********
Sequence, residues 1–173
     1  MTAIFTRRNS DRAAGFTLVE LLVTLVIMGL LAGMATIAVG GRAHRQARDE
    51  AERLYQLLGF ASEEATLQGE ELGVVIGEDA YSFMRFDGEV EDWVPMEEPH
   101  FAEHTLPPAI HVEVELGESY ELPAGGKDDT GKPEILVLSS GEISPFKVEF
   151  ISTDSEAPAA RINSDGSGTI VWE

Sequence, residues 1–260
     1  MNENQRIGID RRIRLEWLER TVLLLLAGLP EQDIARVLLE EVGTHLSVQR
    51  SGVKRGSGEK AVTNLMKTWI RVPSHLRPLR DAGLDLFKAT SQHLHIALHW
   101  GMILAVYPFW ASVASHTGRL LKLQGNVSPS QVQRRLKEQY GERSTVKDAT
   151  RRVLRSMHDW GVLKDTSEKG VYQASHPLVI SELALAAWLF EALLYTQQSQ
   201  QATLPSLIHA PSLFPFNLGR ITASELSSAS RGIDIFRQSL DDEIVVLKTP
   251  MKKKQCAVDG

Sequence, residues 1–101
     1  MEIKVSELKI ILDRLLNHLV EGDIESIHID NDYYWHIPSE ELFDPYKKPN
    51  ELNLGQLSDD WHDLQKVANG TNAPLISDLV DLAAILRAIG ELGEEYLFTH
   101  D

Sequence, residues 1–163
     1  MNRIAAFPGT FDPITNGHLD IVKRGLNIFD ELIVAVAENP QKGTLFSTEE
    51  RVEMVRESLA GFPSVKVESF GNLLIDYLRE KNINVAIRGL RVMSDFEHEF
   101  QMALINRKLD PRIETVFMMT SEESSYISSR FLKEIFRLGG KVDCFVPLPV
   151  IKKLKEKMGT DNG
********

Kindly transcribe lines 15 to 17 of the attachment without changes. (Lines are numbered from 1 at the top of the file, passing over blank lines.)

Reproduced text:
    51  ELNLGQLSDD WHDLQKVANG TNAPLISDLV DLAAILRAIG ELGEEYLFTH
   101  D

Sequence, residues 1–163